Chapter 9. Of the Ends of Political Society and Government
Society and government arise when men living in a state of nature unite into a commonwealth and put themselves under a government for “the preservation of their property” (¶ 124), which Locke defines as their “lives, liberties and estates” (¶ 123). Locke goes as far as even writing that “The great and chief end, therefore, of men uniting into commonwealths, and putting themselves under government, is the preservation of their property; to which in the state of Nature there are many things wanting” (¶ 124). Thus, while man previously lived in a state of nature where he could undertake any action not prohibited by the law of nature, in new society, through his free will, he voluntarily restricts this freedom “to do whatsoever he thinks fit for the preservation of himself and others within the permission of the law of Nature” (¶ 128). Relinquishing his “equality, liberty, and executive power” (¶ 131), he agrees to submit to the positive law enacted in the political society and also gives up his “the power of punishing” evil doers, a power which is transferred to the political society for the preservation of the public good.
Chapters 18 and 19. Of Tyranny and the Dissolution of Government
It is in chapters 18 and 19 the arguments of Locke that have inspired the American founders are presented in their full force. Locke begins by defining tyranny as “the exercise of power beyond right … not for the good of those who are under it, but for his own private, separate advantage,” when the governor’s actions “are not directed to the preservation of the properties of his people, but the satisfaction of his own ambition, revenge, covetousness, or any other irregular passion” (¶ 199).
Tyrannical acts do necessarily give rise to the right of the subjects of a political society to resist the authority, whenever the authority “exceeds the power given him by the law, and makes use of the force he has under his command to compass that upon the subject which the law allows not.” When such a case arises, the authority ceases to be a magistrate, and “acting without authority may be opposed, as any other man who by force invades the right of another” (¶ 202). However, this does not mean that any member of the political society may oppose the authority for every slight occasion or unlawful exercise of power, for this would “unhinge and overturn all polities, and instead of government and order, leave nothing but anarchy and confusion” (¶ 203). Locke goes on to enumerate specific situations in which opposition to authority is not justified. For example, “where the injured party may be relieved and his damages repaired by appeal to the law, there can be no pretence for force, which is only to be used where a man is intercepted from appealing to the law” (¶ 207). This ideas are echoed in the Declaration of Independence,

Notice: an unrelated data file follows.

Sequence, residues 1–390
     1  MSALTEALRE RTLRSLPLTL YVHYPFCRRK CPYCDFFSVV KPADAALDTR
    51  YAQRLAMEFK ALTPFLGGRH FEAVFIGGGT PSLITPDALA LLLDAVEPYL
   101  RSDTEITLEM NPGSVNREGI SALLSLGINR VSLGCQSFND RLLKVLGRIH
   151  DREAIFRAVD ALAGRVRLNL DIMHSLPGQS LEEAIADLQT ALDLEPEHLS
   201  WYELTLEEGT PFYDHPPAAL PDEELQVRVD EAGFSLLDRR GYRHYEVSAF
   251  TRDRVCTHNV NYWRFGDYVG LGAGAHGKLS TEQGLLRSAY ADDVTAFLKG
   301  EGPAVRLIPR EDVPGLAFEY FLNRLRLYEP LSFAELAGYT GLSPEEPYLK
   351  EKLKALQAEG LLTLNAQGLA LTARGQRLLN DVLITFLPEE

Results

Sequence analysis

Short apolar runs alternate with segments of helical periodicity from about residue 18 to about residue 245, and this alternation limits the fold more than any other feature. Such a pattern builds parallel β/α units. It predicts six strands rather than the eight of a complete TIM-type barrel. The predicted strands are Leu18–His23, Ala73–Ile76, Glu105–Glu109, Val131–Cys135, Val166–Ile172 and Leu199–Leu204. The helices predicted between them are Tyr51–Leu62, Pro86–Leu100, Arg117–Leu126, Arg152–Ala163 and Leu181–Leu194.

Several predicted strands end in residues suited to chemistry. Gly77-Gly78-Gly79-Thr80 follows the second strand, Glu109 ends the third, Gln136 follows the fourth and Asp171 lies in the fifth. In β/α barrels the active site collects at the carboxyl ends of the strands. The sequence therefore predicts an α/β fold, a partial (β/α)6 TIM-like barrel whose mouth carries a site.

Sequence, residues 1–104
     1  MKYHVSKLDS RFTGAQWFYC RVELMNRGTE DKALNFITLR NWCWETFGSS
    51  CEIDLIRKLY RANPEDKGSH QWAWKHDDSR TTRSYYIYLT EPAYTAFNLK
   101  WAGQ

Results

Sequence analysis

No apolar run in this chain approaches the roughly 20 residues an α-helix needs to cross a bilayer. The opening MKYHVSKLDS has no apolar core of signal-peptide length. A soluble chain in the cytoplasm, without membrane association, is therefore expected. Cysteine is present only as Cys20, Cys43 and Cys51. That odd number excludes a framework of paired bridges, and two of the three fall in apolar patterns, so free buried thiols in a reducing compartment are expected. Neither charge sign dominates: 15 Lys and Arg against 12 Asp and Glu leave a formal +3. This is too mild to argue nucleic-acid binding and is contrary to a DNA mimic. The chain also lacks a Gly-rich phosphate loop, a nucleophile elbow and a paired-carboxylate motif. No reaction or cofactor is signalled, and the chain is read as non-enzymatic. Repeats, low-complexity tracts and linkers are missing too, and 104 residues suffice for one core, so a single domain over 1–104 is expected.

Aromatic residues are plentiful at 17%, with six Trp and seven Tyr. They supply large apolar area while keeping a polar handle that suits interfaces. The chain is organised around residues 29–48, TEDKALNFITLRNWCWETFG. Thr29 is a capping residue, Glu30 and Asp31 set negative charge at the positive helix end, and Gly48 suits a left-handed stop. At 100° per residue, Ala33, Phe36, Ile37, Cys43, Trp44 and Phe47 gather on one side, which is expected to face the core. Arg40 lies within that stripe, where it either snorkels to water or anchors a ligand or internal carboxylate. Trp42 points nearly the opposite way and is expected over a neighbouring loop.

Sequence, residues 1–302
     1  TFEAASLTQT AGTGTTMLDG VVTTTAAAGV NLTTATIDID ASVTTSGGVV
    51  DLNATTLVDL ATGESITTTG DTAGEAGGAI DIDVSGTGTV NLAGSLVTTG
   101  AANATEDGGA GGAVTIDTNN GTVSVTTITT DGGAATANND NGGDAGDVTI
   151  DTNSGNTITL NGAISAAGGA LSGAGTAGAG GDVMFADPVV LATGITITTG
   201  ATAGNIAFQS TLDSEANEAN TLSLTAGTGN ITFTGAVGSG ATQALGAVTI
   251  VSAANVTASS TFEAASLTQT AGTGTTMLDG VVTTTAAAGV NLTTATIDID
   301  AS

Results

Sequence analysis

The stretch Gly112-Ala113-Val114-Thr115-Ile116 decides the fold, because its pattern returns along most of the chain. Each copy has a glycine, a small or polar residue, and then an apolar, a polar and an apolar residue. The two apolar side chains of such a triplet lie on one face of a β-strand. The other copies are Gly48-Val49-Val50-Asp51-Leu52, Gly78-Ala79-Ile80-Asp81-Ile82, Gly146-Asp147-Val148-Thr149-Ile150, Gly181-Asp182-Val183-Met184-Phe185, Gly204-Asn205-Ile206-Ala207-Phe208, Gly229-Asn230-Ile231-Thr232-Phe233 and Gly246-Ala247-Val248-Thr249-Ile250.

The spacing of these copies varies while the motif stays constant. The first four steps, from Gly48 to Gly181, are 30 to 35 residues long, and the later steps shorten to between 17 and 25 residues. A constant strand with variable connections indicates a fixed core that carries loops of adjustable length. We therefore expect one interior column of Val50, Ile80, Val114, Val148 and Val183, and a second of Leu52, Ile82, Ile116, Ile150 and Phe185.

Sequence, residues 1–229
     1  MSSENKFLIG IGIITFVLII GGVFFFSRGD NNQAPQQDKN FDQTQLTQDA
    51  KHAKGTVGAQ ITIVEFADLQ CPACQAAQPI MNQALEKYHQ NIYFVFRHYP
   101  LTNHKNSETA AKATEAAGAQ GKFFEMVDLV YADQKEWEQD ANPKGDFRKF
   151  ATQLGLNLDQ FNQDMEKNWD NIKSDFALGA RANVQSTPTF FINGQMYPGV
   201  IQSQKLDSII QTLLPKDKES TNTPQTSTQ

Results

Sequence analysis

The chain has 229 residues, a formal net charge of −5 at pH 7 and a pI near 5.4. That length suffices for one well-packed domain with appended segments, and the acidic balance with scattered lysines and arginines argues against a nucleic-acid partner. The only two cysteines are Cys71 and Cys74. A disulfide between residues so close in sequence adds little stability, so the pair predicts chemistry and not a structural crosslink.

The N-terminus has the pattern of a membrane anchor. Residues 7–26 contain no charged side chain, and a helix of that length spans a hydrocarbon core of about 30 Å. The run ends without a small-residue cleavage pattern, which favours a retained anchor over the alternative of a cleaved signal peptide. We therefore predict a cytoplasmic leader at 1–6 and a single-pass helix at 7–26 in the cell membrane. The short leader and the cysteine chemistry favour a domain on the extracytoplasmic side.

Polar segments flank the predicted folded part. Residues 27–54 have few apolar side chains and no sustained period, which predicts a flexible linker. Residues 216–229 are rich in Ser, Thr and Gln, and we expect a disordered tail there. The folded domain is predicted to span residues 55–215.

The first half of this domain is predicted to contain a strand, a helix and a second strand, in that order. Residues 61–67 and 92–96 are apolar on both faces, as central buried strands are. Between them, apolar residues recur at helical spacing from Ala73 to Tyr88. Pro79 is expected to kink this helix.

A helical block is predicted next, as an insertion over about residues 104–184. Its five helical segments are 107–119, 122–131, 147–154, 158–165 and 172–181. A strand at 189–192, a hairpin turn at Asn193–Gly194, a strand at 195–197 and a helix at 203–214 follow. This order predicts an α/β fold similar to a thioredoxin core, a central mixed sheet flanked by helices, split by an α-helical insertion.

In chapter 19, Locke moves on to discuss when the opposition to government and the dissolution of the same is justified. He lists several situations that may arise where the dissolution of government and the formation of a new government is proper. This situation arises, for example, when “a single person or prince sets up his own arbitrary will in place of the laws which are the will of the society declared by the legislative” (¶ 214) or when “by the arbitrary power of the prince, the electors or ways of election are altered without the consent and contrary to the common interest of the people” (¶ 216). With respect to the question of “whether the prince or legislative act contrary to [the people’s] trust,” Locke replies: “The people shall be judge” (¶ 240). In the same manner, “If a controversy arise betwixt a prince and some of the people in a matter where the law is silent or doubtful, and the thing be of great consequence, … the proper umpire in such a case should be the body of the people” (¶ 242), for it is ultimately the people who have the best judgment as to whether the government and authority is fulfilling its proper end of securing their rights and interests.